BORN DRIFFIELD 1885. SON OF JANE ETHEL TURNER (1858-1940) & LATE RICHARD WRIGHT WHO LIVED IN EASINGTON. HE MARRIED ALICE RUSSELL, IN HULL, IN 1904. WORKED AT SEA, FOR THE HULL STAM COMPANIES. HIS WIFE ALICE & FOUR SONS LIVED 187 BUCKINGHAM STREET, HULL.
HE ENLISTED IN HULL. SERVED AS A SERGEANT, WITH THE 4TH AND 7TH EAST YORKSHIRE REGIMENT. KILLED IN ACTION, ON 24/04/1917, AGED 32. HIS ARMY EFFECTS WERE LEFT TO HIS WIDOW, ALICE. HE IS COMMEMORATED ON THE ARRAS MEMORIAL TO THE MISSING.
HIS WIFE ALICE RUSSELL, HAD THREE BROTHERS SERVING, TWO OF WHICH WERE IN HOSPITALS IN FRANCE. A THIRD SERVING IN SALONIKA. HER BROTHER IN LAW, PRIVATE E.A. HADLOW, HAD BEEN KILLED 13 MONTHS AGO.
Arras Battle, April 1917 – The 1/4th East Yorkshires did not go into the line until 15 April, when they moved up from Arras in support. The battalion led the division’s attack at the Second Battle of the Scarpe, which began on 23 April. The 1/4th East Yorkshires and 1/4th Green Howards went forward at Zero hour (04.45) with ‘great dash’, supported by tanks of A Section, 10 Company, D Battalion, Tank Corps. The infantry got too close to their own barrage, which was creeping forward too slowly. Despite serious casualties, especially among officers, they captured the first objective (the Blue Line) on time, apart from the centre, where a party of the enemy held out in a copse on the Chérisy–Guémappe road. However, A Company took the copse by 08.00 with the help of tank D3, and dug in on its eastern side. A mixed party of D, A and B companies captured a battery of German 7.7 cm field guns near the copse. By now the battalion only had three officers and 200 men in the line, with their flanks ‘in the air’, and were almost surrounded when the German counter-attacks began. The battalion was forced back to its starting line, the captured guns lost, though they had already sent back some hundreds of German prisoners. The second tank (D4, ‘Diana’) covered the retirement with its 6-pdr guns until repeatedly hit by anti-tank rifles and set on fire. The objectives were retaken by a follow-up attack by 50th (N) Division later in the day. The battalion’s losses in this action were 17 officers and 352 other ranks. The remnants marched back to Arras and reorganised as two companies.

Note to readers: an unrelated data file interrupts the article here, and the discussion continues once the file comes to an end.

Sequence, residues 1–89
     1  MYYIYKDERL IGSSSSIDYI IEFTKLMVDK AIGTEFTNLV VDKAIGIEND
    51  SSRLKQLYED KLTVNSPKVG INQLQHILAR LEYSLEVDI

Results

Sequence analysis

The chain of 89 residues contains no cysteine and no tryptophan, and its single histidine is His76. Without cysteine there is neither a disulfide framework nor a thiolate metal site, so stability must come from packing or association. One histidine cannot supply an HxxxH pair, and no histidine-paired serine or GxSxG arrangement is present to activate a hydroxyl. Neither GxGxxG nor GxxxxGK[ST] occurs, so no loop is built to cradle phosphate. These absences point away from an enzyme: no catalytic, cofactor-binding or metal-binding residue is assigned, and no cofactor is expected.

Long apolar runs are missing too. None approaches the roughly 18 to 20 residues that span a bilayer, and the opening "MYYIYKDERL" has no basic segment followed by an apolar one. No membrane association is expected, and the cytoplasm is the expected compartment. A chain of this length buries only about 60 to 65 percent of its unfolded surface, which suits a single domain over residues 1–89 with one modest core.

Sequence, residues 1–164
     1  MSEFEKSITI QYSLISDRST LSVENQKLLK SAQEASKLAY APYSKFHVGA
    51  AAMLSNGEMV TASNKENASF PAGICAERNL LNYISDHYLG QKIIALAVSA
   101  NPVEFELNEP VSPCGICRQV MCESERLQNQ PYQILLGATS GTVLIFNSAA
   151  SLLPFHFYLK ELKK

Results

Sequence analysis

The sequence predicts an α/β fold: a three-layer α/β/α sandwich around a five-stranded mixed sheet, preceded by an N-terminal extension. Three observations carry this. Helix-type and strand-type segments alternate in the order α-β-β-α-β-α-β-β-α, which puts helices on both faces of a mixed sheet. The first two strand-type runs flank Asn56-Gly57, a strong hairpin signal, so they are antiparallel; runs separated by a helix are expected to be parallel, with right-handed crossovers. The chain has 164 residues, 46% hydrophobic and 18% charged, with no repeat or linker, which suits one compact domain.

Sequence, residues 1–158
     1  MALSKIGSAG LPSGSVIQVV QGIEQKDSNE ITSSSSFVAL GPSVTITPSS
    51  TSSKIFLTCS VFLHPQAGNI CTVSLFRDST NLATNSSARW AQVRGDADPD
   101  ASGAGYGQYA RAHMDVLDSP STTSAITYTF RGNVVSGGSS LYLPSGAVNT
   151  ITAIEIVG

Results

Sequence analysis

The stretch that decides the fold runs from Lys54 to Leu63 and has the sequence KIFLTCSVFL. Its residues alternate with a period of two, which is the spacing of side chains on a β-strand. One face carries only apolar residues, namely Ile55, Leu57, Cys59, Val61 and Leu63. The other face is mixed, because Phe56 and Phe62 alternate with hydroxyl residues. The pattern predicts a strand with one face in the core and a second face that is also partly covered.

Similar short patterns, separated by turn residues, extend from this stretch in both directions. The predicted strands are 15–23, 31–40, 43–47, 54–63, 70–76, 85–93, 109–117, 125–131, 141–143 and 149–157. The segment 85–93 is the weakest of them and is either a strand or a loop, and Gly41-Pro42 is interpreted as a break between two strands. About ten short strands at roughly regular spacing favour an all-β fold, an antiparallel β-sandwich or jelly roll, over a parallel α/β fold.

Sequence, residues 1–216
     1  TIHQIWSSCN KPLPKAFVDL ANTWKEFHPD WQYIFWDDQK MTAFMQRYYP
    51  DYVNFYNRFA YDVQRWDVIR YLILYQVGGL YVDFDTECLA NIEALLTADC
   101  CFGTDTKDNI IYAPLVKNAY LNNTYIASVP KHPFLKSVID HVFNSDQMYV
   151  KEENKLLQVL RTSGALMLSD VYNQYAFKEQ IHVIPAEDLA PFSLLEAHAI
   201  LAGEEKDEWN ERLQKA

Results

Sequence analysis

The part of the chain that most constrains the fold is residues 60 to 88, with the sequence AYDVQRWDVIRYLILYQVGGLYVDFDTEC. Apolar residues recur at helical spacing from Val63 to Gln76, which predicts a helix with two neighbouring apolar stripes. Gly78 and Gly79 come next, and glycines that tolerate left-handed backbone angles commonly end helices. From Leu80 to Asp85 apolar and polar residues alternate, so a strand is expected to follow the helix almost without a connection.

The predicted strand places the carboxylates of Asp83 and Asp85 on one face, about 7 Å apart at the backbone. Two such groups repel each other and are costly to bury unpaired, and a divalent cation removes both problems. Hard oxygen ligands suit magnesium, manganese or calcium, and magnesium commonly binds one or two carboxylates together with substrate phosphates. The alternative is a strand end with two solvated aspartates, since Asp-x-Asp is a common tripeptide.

50th (N) Division was pulled back into reserve in May 1917, and then returned to trench-holding in June. 1/4th East Yorkshires absorbed reinforcements and resumed its four-company organisation. On 26/27 June it was in support for a minor attack, and C Company and a platoon of D Company took over the captured line at dusk on 27 June. However, the Germans put down a heavy bombardment at 07.00 the next morning, which continued all day until they counter-attacked at 16.30. By then C Company had lost 75 per cent of its men, and it and the D Company platoon were forced back. The line was strengthened by other troops, but 1/4th East Yorkshires had lost 106 officers and men, killed, wounded and missing. Although it was not involved in the early stages of the Flanders Offensive (the Third Battle of Ypres), there was active Trench warfare along the division’s front throughout the summer, with trench raiding and gas attacks. In October the division was relieved and after 10 days’ training at Achiet-le-Petit it moved to the Ypres sector.